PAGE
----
Noora Raty #41 of Finland makes a save against United States during the Women's Ice Hockey Preliminary Round Group A Game on day 1 of the Sochi 2014 Winter Olympics at Shayba Arena on February 8, 2014 in Sochi, Russia. (Photo by Bruce Bennett/Getty Images)
After Finland was ousted from the women's hockey tournament at the Sochi Olympics, goaltender Noora Raty, known far and wide as the best netminder in the sport, retired from women's hockey -- at the age of 24.
To explain her surprising decision, she tweeted out a lengthy letter that went into great detail about why she was retiring.
— Noora Räty (@Nooraty41) February 15, 2014
In the letter, Raty said she wants to play in a competitive league, and because there are no true competitive women's leagues in the world, she hopes to get a chance with a professional men's league.
In her letter, she bemoans the fact that there are no quality professional women's leagues where she can ply her trade. Here is part of that letter:
"In fact, I don't feel that women's hockey can grow or get any better in the future if the USA or Canada don't get a professional league started soon. That is the next critical step that our sport needs to take or our sport will never be respected like it should be. Asking players to work full-time and then training like a pro athlete at the same time is just too much and unfair."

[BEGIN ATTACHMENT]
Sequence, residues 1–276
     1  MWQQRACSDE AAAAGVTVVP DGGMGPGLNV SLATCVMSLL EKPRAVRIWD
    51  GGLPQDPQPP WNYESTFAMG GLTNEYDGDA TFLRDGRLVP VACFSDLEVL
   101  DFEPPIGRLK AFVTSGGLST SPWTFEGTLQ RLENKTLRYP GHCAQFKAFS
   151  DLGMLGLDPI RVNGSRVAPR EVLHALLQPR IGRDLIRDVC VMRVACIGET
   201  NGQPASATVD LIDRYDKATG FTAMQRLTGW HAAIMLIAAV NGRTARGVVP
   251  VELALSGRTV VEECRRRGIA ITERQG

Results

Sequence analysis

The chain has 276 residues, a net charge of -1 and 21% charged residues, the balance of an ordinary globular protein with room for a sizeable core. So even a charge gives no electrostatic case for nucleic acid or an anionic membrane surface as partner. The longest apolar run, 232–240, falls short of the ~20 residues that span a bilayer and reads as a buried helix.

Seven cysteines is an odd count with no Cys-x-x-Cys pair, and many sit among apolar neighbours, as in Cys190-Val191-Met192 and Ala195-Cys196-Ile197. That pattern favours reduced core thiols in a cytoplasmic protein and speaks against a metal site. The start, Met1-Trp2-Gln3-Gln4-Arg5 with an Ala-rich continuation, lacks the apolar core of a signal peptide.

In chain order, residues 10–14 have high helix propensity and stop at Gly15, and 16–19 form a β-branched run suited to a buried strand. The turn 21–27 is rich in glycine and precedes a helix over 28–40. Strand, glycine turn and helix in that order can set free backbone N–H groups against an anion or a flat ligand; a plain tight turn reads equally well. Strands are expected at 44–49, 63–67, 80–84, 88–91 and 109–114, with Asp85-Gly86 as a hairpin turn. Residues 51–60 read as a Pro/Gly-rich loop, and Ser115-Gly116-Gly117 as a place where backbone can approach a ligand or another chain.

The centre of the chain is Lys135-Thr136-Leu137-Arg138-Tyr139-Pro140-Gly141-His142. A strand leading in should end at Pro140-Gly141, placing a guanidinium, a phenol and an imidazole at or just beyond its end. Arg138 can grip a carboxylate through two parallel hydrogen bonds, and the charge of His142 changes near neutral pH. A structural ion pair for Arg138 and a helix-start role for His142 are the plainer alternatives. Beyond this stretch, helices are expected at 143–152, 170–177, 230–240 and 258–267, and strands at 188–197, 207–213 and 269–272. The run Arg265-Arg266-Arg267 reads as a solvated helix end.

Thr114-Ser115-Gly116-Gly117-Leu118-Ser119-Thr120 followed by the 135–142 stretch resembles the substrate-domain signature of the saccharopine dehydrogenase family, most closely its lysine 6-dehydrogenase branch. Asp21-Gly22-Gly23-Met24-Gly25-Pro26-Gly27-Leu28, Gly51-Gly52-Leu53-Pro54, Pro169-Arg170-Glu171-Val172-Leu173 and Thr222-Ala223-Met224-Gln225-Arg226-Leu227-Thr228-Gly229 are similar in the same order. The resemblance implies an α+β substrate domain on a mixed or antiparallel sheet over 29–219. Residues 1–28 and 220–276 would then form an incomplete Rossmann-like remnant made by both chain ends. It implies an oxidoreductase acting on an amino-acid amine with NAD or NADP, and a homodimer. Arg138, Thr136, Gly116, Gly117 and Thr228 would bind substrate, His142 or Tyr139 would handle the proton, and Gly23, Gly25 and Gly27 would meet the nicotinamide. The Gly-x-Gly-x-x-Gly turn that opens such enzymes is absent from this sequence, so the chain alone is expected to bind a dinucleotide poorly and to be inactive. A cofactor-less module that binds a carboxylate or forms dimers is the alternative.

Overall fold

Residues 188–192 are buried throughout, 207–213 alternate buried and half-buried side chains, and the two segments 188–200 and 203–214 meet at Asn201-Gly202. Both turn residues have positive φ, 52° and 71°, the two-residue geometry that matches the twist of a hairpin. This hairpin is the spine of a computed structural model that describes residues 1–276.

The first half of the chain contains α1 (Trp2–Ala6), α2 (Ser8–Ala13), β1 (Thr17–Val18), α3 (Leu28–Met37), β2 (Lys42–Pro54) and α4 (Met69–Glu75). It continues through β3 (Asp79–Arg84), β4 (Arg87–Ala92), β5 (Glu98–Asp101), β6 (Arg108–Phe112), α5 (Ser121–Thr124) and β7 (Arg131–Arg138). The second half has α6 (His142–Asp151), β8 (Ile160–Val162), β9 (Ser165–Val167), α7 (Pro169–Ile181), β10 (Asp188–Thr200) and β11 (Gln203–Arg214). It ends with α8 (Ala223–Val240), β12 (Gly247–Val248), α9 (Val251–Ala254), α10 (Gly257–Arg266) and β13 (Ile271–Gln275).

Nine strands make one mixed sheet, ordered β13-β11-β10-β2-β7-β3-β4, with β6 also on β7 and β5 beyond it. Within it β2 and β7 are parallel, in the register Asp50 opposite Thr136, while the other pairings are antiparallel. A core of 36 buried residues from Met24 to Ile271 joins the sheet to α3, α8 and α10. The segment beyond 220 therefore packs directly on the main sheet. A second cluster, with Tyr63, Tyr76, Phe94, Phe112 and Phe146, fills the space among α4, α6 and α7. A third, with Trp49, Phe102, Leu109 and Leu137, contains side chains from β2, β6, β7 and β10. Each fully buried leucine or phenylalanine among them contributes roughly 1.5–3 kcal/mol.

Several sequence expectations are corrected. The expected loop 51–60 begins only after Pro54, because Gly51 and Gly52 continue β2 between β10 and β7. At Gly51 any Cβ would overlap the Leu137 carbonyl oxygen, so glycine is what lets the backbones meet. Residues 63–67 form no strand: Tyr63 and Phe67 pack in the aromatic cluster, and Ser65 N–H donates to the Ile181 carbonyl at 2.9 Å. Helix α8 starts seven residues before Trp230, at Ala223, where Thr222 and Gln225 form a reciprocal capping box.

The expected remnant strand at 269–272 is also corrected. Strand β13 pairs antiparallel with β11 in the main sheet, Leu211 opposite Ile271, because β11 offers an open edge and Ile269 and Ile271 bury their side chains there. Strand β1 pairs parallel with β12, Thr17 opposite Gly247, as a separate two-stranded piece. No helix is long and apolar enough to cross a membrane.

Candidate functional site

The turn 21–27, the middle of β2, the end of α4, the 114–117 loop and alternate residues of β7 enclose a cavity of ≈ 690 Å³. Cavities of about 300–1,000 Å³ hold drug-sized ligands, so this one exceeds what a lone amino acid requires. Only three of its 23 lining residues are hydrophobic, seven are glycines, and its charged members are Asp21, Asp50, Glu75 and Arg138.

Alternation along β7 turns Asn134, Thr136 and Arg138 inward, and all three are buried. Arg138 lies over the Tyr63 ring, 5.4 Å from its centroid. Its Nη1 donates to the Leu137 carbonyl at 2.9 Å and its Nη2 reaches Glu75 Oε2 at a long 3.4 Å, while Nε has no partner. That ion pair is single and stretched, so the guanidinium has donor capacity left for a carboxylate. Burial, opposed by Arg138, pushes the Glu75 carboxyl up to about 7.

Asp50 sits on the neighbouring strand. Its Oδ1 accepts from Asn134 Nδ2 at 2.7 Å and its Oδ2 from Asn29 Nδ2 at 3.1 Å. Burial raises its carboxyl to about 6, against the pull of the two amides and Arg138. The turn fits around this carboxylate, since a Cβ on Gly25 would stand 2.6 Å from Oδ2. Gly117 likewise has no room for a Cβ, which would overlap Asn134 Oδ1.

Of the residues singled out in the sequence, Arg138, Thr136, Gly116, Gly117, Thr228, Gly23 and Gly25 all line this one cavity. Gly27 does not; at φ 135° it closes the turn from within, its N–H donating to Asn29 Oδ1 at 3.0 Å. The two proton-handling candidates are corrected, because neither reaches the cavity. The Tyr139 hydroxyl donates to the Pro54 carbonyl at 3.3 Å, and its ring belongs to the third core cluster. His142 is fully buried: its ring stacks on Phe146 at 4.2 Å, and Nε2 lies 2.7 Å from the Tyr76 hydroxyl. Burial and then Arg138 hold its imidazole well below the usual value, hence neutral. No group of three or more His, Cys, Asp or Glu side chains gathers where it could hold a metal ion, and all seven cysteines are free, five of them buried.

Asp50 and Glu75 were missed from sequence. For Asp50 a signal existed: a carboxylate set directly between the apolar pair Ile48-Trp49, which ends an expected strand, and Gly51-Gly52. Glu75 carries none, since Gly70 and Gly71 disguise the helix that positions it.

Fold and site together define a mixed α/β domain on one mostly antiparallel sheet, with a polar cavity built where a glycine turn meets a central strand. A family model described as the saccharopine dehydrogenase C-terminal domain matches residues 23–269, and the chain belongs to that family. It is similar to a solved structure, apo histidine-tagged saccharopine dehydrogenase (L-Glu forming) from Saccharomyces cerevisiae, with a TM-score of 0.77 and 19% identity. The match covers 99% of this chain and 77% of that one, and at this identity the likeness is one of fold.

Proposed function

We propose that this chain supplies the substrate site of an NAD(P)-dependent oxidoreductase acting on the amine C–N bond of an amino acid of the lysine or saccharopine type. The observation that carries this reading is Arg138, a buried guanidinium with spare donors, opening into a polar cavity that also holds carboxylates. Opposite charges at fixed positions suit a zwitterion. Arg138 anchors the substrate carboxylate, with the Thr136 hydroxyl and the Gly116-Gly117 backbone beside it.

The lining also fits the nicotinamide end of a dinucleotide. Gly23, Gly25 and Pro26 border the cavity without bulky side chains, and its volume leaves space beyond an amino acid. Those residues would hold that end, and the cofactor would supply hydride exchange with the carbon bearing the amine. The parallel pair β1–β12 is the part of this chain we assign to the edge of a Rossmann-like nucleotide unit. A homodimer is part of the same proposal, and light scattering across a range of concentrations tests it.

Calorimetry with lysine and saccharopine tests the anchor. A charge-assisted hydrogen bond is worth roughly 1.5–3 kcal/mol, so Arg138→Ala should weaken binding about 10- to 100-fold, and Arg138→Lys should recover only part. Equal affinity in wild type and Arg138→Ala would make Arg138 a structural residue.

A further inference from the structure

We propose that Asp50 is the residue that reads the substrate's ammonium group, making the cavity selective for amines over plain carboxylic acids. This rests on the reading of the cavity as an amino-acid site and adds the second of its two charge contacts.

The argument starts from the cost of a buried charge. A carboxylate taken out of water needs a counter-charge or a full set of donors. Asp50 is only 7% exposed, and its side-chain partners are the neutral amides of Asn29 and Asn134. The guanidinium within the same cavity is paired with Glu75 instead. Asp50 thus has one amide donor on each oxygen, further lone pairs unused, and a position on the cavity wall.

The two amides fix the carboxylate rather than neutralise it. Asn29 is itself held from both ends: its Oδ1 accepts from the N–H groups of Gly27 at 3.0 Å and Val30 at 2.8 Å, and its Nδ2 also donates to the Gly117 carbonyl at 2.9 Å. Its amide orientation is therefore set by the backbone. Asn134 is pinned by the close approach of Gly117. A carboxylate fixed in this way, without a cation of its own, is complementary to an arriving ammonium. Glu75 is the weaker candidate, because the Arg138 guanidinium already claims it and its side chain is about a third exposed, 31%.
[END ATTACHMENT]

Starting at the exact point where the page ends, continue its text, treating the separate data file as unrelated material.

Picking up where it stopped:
Can a women's professional league get started in the U.S. or Canada? Is there a chance a WNBA-style WNHL could form, with the NHL's backing?
NBC's Al Michaels asked NHL Commissioner Gary Bettman about it Thursday. Bettman admitted that the idea has been floated around league offices.
"We've actually had a consultant take a look at this for us," Bettman said.
"The overall development of women's hockey at the grassroots level through the college level isn't at a point where a professional league is viable," he said. "But we very much believe in the importance of the women's game. But it's going to take some more time, more development. We're still trying to grow men's hockey."
So it appears that if Raty and other top women's hockey players around the world are looking for the NHL to offer them a league to play in, they're going to have to wait a lot longer. Or hope that a men's league will take a chance on them.